The threats to Pennsylvania’s environment have never been more urgent. We have the third worst air quality in the country, and as a result, in some Pennsylvania cities, one in three children suffers from asthma. Pennsylvania drinking water ranks as one the nation's riskiest for lead-contamination, and 19,000 miles of our streams and rivers are unsafe for drinking, recreation, aquatic life, or agricultural use. The race to exploit the abundance of natural gas beneath the surface has turned Pennsylvania into one of the largest producers of methane, a major health and climate hazard, and has produced large quantities of wastewater and solid waste, which has exposed Pennsylvanians to harmful substances that cause a variety of serious illnesses.
In response, a coalition of 26 environmental organizations across the state, led by PennFuture, developed the Pennsylvania Common Conservation Agenda
, a comprehensive series of fiscally responsible solutions to the problems above. Another advantage of the agenda: the recommended solutions can be enacted by the incoming governor using the executive authority granted in the state constitution. With a pivotal gubernatorial election taking place on November 6, this would seem like an opportune time to distribute the agenda. But so far, we've heard little about either candidate’s environmental and conservation agendas.
Why are the candidates focusing so little attention on the environment? After all, aren’t more and more people convinced that the environmental problems facing Pennsylvania must be addressed before it’s too late? The answer to the latter question is a resounding “yes.” The March 2018 Franklin and Marshall College Poll
survey of 423 Pennsylvania registered voters found that 62% think climate change is causing problems now, and 67% think the state should do more to address the problems associated with climate change, including 47% who say the state should definitely do more. What’s more, 55% of the respondents believe the potential environmental risks of natural gas drilling outweigh the potential economic benefits, a turnaround of the findings in a Franklin & Marshall survey four years earlier.
Yet despite these findings, only 2% of the participants in the March 2018 poll believe that the environment is the most important problem facing the state, a sentiment that is essentially the same as in other recent Franklin & Marshal polls. The top five concerns expressed by Pennsylvania voters in March were:
- Government & politicians 16%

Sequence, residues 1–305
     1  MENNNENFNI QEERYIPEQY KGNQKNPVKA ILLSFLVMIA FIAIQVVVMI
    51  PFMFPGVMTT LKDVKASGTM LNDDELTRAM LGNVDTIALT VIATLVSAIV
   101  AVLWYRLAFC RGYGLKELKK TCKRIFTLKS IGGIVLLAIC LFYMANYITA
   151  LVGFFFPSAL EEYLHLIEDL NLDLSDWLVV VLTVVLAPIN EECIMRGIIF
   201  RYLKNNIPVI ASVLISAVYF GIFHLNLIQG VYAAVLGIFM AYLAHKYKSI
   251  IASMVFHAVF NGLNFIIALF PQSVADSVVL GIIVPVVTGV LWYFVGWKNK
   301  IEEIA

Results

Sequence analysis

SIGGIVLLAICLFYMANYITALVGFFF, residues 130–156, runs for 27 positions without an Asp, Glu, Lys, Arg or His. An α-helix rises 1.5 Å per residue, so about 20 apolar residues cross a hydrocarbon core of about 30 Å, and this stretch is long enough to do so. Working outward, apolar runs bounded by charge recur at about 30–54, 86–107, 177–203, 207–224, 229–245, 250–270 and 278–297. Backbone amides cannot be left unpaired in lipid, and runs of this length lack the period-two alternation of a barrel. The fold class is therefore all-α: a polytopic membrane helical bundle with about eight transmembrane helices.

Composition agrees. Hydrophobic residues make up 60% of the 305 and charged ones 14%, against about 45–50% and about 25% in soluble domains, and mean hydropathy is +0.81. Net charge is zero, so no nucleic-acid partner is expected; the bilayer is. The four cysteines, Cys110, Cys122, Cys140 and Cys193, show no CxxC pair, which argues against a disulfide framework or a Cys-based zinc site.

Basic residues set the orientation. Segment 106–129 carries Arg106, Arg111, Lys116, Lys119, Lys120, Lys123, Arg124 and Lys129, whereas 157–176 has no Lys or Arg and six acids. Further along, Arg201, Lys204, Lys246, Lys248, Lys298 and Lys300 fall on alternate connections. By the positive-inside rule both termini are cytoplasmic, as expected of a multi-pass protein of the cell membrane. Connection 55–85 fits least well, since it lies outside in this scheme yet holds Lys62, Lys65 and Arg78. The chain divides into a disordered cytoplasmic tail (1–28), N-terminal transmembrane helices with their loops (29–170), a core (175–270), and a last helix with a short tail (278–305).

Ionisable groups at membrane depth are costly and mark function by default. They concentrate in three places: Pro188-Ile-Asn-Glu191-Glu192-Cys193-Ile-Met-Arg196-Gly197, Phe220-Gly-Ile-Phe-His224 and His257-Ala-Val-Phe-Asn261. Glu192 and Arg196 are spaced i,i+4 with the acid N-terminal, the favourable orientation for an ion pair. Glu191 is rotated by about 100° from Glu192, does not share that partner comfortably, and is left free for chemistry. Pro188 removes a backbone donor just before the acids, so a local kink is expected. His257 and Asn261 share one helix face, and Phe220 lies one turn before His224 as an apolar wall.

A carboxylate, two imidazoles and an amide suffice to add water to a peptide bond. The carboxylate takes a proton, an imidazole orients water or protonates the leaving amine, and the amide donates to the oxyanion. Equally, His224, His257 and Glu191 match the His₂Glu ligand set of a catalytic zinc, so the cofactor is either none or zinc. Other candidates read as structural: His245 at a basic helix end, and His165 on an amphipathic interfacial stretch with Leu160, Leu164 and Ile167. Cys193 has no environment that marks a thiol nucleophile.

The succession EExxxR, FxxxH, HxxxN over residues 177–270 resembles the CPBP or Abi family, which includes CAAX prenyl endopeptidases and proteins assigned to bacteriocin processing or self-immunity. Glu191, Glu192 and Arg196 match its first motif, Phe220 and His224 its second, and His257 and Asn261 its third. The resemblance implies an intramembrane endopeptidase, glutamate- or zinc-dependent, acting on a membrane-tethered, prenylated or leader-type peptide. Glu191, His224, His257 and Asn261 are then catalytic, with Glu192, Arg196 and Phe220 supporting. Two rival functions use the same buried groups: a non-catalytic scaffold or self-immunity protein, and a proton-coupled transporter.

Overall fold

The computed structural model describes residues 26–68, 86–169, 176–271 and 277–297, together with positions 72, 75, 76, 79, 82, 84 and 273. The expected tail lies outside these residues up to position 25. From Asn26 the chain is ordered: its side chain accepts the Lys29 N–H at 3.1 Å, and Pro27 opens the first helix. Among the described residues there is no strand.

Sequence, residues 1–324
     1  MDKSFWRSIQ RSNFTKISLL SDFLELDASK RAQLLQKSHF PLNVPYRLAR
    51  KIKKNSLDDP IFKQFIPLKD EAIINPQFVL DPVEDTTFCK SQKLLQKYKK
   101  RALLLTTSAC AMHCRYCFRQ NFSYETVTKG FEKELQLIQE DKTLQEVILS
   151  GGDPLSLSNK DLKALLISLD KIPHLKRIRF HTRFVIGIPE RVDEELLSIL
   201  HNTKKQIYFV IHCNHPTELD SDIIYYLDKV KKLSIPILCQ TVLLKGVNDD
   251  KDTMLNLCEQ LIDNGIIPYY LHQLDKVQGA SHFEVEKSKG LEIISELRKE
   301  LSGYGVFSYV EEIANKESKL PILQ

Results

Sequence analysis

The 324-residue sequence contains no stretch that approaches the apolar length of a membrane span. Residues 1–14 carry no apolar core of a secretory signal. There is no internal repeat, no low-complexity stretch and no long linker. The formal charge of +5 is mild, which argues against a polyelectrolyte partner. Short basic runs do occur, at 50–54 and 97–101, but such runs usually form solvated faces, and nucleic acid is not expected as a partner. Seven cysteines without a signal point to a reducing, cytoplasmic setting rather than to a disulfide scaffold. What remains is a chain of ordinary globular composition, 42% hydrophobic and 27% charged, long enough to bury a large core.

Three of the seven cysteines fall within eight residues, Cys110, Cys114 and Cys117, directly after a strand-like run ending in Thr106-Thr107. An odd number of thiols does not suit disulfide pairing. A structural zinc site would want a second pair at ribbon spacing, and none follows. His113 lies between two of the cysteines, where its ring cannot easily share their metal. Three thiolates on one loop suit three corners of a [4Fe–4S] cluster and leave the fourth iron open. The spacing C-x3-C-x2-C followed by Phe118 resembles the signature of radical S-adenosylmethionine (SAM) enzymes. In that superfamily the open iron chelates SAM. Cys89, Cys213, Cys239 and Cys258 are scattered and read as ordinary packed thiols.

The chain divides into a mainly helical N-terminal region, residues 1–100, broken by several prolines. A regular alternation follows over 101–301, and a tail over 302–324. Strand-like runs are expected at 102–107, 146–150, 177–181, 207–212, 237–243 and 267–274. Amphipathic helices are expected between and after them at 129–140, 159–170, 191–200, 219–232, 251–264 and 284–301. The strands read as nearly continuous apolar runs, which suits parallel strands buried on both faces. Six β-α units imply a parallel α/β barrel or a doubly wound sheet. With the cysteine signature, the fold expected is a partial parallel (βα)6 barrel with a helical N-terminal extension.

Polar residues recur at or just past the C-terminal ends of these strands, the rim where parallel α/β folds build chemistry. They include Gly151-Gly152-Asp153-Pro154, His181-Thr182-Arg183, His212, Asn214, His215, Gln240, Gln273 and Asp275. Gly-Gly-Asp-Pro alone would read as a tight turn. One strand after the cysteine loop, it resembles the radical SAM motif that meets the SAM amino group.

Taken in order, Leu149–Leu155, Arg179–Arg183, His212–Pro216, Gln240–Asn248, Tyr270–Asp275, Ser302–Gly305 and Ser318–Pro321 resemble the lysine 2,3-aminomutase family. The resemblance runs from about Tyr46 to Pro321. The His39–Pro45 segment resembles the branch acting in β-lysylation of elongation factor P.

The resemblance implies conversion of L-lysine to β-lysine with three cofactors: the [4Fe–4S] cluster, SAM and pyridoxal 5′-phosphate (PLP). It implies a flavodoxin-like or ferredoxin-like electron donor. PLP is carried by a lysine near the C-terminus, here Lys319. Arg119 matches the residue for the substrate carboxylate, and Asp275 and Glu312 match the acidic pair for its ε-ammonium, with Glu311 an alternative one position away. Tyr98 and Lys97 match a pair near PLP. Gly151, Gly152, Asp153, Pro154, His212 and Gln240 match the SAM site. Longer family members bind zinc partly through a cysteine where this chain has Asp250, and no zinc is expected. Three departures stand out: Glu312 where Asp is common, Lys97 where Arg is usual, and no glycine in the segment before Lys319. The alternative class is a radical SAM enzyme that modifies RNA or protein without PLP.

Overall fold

- Taxes 15%
- Unemployment & personal finances 12%
- Crime, drugs, violence, and guns 10%
- Education/schools 9%
These five problems have been at the top of the list dating back to early 2017, while the environment has ranked no higher than seventh during this time period and has not been mentioned by more than 3% of Franklin & Marshall poll participants. So, although Pennsylvania voters are concerned about the environment and want to see more action taken, they consider other issues even more important. Therefore, it should come as no surprise that the issues overshadowing the environment are the ones being discussed on the campaign trail. I can personally attest to that having attended a Scott Wagner town hall last week.
To overcome this, the PA Common Conservation Agenda coalition created the Green in ’18 campaign.
To advance the agenda, it is vital that both gubernatorial candidates start discussing environmental issues on the campaign trail and presenting their plans for restoring the health of the state’s environment and safeguarding it for future generations. The only way this will happen is if the Green in ’18 campaign can elevate the importance of the environment in voters’ minds, and motivate them to get out on the campaign trail and ask the candidates questions about their positions on and plans for the environment.
To get involved in the Green in ’18 campaign, click here.
And there is one other step you can take right now to support the agenda and the campaign. You can tell us – and we’ll tell the candidates – where the environment ranks on your list of election priorities. We are conducting a brief poll on our Facebook page
asking people to let us know which issues they want the gubernatorial candidates to talk about on the campaign trail. It should take no more than 2 to 3 minutes to complete the survey, and your responses are confidential. Click here to take the survey,
and check back on Facebook for updates on the results. In addition, please share the survey link with other Pennsylvanians.